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12 Articles in Volume 7, Issue #8
A Clinical Guide to Weaning Off Intrathecal Opioids
Avoiding the Pitfalls of Opioid Reversal with Naloxone
Central Role of Dopamine in Fibromyalgia
CES in the Treatment of Insomnia: A Review and Meta-analysis
Combined Phrenic Nerve Palsy and Cervical Facet Joint Pain
Dextrose Prolotherapy for Unresolved Neck Pain
Low Level Laser Therapy - Part 1
Mistakes Made by Chronic Pain Patients
Near-infrared Therapeutic Laser and Pain Relief
Patulous Eustachian Tube: Part 2
The “Promise” of Pain Medicine: Profession, Oaths, and the Probity of Practice
Three Dimensional Imaging of the Foot

A Clinical Guide to Weaning Off Intrathecal Opioids

This clinical guide was developed to help clinicians wean patients from intrathecal opioid therapy

Some patients find IT opioid therapy not effective despite a successful trial. I wrote a column on the failure of IT trials to predict success in the March 2007 issue of this journal (Vol 7: Issue 2). Fortunately, physicians have options to opioid IT therapy but need to know how to rotate from opioid IT therapy to an alternative IT therapy without causing the patient discomfort or side effects. This article by Rosenblum et al provides the readers an example of how this rotation can occur with minimal side effects and adequate analgesia throughout the rotation. Other physicians may have an equally effective method, but for these authors, the process described in this article seems to be safe and effective for them. It may provide the reader an option as well.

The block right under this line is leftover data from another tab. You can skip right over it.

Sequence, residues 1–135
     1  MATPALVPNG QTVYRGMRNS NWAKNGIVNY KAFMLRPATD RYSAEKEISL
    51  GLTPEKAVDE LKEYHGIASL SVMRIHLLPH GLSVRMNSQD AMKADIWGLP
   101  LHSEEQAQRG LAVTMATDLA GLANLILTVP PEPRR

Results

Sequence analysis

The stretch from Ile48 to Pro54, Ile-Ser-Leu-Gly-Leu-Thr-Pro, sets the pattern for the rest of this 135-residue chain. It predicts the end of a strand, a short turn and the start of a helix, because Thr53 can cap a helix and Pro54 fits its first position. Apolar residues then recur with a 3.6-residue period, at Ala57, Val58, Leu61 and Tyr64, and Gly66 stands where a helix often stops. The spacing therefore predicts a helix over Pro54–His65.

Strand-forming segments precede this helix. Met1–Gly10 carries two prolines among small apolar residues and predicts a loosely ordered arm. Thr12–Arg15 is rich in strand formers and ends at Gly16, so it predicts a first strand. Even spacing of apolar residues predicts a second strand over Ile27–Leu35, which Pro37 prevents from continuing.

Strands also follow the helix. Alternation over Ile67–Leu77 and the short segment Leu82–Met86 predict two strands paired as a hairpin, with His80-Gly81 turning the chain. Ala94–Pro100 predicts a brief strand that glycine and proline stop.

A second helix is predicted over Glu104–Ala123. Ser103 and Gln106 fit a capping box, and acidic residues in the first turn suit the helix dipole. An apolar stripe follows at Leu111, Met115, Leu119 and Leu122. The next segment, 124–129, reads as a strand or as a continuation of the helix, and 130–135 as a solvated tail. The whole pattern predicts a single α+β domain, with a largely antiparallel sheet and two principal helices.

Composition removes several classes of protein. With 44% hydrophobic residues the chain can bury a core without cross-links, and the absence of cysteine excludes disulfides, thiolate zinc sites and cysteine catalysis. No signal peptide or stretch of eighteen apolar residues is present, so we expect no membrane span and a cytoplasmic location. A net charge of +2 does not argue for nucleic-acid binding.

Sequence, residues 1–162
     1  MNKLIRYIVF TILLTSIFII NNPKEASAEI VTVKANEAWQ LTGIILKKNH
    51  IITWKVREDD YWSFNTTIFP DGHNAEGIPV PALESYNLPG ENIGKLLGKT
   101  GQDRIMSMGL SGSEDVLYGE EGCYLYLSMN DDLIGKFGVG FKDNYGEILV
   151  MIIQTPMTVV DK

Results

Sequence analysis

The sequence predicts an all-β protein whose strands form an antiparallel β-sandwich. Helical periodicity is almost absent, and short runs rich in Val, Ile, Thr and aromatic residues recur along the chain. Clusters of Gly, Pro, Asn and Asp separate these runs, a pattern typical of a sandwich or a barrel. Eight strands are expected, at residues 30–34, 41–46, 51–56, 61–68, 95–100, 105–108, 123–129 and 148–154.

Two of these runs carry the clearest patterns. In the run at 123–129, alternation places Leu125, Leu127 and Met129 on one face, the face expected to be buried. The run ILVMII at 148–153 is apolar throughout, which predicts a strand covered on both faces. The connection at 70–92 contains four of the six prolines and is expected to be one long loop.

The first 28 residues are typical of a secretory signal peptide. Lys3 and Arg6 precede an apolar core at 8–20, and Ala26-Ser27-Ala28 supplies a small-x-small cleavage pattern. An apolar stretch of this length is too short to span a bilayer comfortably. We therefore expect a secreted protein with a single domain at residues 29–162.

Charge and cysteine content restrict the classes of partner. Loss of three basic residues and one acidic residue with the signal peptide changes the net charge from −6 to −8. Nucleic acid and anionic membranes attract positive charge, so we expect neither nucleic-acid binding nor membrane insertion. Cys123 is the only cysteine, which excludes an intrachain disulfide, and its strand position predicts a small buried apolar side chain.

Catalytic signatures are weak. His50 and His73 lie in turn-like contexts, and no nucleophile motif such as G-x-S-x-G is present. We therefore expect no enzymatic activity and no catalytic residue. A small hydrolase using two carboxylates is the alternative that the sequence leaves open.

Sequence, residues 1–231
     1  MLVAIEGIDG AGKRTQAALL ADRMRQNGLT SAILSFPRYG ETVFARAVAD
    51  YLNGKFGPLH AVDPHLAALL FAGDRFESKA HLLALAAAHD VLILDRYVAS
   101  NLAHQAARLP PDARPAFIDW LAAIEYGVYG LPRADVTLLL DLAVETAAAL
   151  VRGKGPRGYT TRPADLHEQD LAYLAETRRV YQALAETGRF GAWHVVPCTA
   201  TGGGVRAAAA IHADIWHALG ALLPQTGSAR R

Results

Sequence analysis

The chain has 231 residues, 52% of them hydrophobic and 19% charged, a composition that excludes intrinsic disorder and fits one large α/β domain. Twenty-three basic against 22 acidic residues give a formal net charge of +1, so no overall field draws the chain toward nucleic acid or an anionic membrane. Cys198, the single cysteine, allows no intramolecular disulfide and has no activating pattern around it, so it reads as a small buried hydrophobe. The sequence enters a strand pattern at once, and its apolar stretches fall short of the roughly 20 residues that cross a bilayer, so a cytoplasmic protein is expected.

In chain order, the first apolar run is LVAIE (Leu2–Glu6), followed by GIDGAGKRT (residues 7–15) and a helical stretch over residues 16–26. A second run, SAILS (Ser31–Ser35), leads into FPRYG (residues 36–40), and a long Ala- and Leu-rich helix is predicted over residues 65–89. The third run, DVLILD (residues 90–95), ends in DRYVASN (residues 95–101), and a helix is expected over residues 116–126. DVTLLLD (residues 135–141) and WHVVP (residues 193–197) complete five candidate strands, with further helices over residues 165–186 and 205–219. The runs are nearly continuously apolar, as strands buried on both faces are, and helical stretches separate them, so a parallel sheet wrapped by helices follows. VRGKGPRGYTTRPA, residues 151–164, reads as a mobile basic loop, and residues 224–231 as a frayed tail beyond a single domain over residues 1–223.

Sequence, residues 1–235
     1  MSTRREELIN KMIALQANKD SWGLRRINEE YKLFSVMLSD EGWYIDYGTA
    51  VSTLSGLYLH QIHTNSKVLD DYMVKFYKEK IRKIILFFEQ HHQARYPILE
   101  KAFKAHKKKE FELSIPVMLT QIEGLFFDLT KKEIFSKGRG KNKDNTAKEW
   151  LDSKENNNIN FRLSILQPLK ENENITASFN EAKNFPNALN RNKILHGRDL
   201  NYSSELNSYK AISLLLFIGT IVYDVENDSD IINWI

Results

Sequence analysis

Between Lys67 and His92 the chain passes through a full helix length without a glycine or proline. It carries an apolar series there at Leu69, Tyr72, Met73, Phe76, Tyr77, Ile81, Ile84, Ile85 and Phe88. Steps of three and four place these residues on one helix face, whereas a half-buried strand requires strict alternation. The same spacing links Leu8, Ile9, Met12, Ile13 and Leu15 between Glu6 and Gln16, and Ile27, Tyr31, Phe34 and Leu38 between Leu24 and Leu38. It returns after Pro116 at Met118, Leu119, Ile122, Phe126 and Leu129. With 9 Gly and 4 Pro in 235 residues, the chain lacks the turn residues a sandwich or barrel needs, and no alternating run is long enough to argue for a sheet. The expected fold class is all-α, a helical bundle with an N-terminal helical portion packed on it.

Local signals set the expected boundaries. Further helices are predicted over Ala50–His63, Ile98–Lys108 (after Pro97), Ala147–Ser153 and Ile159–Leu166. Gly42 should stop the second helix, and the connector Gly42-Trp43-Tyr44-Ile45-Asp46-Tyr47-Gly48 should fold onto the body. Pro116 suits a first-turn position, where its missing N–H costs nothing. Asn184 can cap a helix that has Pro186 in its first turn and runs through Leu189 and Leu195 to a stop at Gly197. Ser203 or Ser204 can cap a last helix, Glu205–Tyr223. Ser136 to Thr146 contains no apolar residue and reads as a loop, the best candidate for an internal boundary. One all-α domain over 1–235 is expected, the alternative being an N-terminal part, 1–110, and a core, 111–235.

Weaning a patient with chronic pain from intrathecal opioids may be considered in a number of circumstances. During the course of intrathecal opioid therapy, patients sometimes experience intolerable adverse events or develop tolerance to the opioid.1 Some patients may have an inadequate response.

Weaning of patients with chronic pain from intrathecal opioid therapy can seem a challenging prospect. Many clinicians mistakenly adhere strictly to the belief that any decreases in intrathecal opioid doses should be replaced with equianalgesic doses of systemic opioids. Various equianalgesic oral to intrathecal dosing ratios have been suggested, ranging from 12-to-1 to 300-to-1.2,3 Such ratios are used for conversion from systemic dosing to intrathecal dosing, and one cannot assume that the ratios would be equivalent for conversion from intrathecal to systemic opioid dosing.3 Additionally, the ratios may be more suitably applied to acute pain patients. These equianalgesic doses are typically inappropriate for weaning from chronic intrathecal opioid therapy. Such patients can be weaned without strict adherence to equianalgesic conversion ratios.